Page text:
Testing for effects in the linear model

In this example we consider the burns dataset, which is built-in restriktor. We will show how order constraints can be imposed between newly defined parameters. The data consist of mothers of 278 children. Boys represent 68.7% of the sample. The response variable is parental post-traumatic stress symptoms (PTSS). In addition, five predictor variables are included: a child’s gender (0 = boys, 1 = girls) and age, the estimated percentage total body surface area affected by second or third degree burns (i.e., TBSA, with a range of 1-72%) and parental guilt [0-4] and anger [0-4] feelings in relation to the burn event. The model relates PTSS to the five predictor variables and can be written as a linear function:

\begin{align*} \text{PTSS} \sim \beta_0 + \beta_1\text{gender} + \beta_2\text{age} + \beta_3\text{guilt} + \beta_4\text{anger} + \\ \beta_6\text{gender} \times \text{guilt} + \beta_7\text{gender} \times \text{anger} + \beta_8\text{gender} \times \text{TBSA} \end{align*}

where $\beta_0$ is the intercept, $\beta_1$ to $\beta_5$ are the regression coefficients for the main-effects and $\beta_6$ to $\beta_8$ are the regression coefficients for the interaction-effects.

We hypothesized that the gender-effect would increase for simultaneously higher levels of guilt, anger and TBSA. To test this informative hypothesis, we selected three different settings for guilt, anger and TBSA, namely a small, a medium and a large level. For illustrative reasons, we chose for the small level the values 0, 0, 1 for guilt, anger and TBSA respectively. For the medium level we chose their mean values which are 2.02, 2.06, and 8.35, respectively, and for the large level we chose 4, 4, and 20, respectively. Then, the resulting three effects (small, medium, large) can be calculated as follows respectively:

\begin{align*} \text{smallEffect} &= \beta_1 + 0\beta_6 + 0\beta_7 + 1\beta_8 \\ \text{mediumEffect} &= \beta_1 + 2.02\beta_6 + 2.06\beta_7 + 8.35\beta_8 \\ \text{largeEffect} &= \beta_1 + 4\beta_6 + 4\beta_7 + 20\beta_8. \end{align*}

Note that each effect reflects a mean difference between boys and girls. Then, the informative hypothesis can be expressed as:

$$ H: \text{smallEffect} \leq \text{mediumEffect} \leq \text{largeEffect} $$

Step 1. - load the restriktor library

library(restriktor)

Step 2. - import data

The burnsData dataset is build-in restriktor and can be called directly, see next step.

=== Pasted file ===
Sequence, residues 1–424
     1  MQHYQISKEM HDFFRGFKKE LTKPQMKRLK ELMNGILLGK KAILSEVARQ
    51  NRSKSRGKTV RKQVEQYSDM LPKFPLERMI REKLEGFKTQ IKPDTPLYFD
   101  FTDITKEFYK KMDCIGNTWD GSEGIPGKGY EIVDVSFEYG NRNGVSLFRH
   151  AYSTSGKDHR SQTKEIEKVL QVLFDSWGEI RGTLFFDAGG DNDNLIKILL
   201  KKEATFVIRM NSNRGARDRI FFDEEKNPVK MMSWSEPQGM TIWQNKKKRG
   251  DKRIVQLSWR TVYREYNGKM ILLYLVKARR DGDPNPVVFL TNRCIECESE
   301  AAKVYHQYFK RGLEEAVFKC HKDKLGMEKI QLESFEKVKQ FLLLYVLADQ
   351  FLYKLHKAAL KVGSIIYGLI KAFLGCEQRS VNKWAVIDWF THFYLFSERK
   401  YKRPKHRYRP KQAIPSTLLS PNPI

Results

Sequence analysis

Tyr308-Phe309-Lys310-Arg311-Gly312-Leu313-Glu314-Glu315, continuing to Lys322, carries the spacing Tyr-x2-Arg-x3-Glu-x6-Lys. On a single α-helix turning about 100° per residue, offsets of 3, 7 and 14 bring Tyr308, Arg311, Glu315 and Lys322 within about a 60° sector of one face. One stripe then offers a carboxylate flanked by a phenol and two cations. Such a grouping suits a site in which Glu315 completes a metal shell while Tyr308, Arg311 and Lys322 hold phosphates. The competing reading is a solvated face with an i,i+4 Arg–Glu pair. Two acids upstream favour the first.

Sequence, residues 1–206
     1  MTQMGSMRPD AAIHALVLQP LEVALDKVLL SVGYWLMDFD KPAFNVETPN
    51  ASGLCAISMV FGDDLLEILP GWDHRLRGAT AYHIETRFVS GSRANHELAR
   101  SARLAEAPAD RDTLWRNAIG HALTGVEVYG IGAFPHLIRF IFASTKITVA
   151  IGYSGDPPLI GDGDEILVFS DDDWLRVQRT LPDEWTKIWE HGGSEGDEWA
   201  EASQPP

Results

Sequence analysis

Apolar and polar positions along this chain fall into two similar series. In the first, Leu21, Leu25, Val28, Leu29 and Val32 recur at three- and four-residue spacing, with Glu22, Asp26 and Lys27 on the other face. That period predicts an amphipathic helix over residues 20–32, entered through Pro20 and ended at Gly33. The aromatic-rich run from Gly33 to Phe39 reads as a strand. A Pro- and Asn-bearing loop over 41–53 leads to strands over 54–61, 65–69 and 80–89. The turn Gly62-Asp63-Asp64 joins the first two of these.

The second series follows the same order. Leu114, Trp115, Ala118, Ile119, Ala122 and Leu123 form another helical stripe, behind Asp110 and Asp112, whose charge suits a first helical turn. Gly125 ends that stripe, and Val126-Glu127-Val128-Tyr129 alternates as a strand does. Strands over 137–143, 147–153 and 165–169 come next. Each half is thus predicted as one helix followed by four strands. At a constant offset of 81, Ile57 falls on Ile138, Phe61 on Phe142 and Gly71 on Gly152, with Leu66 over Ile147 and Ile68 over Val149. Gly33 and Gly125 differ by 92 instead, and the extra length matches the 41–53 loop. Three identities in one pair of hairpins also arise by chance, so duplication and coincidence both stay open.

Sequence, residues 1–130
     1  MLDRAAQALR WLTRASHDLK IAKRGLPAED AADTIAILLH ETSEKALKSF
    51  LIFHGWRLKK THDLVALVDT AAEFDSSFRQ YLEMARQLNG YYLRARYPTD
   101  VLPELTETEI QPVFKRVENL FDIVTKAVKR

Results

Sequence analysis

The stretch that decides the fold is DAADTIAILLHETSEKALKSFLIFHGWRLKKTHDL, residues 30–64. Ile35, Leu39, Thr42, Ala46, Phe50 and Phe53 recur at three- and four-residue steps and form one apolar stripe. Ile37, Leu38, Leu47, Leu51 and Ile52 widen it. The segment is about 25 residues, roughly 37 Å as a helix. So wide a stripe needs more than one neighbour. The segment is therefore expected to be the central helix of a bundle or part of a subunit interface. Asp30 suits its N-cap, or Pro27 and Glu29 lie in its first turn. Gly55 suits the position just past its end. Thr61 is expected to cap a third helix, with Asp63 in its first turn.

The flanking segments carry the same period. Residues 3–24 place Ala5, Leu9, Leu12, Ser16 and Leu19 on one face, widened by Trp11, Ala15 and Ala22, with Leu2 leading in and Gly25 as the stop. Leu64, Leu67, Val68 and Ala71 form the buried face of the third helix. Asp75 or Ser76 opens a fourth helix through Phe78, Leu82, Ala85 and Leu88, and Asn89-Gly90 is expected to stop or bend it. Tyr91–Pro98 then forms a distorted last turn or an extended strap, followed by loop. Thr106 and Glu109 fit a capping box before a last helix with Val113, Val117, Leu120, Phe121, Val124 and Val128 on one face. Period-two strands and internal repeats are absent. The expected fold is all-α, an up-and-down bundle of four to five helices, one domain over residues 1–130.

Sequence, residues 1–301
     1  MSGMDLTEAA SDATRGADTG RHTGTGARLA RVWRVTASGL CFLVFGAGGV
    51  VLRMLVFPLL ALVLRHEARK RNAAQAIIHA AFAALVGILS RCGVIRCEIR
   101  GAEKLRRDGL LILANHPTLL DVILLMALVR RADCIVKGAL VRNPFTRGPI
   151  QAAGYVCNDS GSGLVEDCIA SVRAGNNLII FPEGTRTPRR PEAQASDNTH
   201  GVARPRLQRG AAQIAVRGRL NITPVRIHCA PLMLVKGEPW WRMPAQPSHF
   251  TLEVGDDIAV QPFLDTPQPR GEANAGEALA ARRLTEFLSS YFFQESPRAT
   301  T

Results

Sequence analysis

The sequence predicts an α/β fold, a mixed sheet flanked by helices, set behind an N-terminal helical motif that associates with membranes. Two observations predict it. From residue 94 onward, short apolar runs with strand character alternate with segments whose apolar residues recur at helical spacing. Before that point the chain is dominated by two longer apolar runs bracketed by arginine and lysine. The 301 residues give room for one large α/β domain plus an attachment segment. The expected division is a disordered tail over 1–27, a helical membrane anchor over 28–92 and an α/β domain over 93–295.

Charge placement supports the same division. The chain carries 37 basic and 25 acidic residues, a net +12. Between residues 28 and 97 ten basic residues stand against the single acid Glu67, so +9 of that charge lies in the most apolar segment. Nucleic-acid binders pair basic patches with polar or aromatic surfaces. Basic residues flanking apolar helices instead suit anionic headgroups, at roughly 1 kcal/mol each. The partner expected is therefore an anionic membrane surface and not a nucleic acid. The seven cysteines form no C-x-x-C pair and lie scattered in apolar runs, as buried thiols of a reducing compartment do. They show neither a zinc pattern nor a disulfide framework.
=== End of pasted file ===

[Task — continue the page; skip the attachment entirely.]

Step 4. - fit the unconstrained linear model

Based on outlier diagnostics we identified 13 outliers. The outliers were identified with robust Mahalanobis distances larger than the 99.5% quantile of a $\chi^2_8$. Therefore, we will use robust methods. The unconstrained robust linear model using MM-estimation can be fitted as follows:

fit.burns <- rlm(PTSS ~ gender*guilt + gender*anger + gender*TBSA + age,
                 data = Burns, method = "MM")

On the right-hand side of the regression operator (∼) we included the three interaction-effect using the * operator. The main-effects are in this way automatically included. Note that the interaction operator * is not an arithmetic operator.

Step 5. - set up the constraint syntax

A convenient feature of the restriktor constraint syntax is the option to define new parameters, which take on values that are an arbitrary function of the original model parameters. This can be done using the := operator. In this way, we can compute the desired effects and impose order constraints among these effects. Then, the constraint syntax might look as follows:

myConstraints <-  ' smallEffect  := gender + 0*gender.guilt +
                                             1*gender.TBSA  +
                                             0*gender.anger

                    mediumEffect := gender + 2.02*gender.guilt +
                                             8.35*gender.TBSA  +
                                             2.06*gender.anger

                    largeEffect  := gender + 4*gender.guilt +
                                            20*gender.TBSA  +
                                             4*gender.anger

                    smallEffect  < mediumEffect
                    mediumEffect < largeEffect '

#note that the constraint syntax is enclosed within single quotes.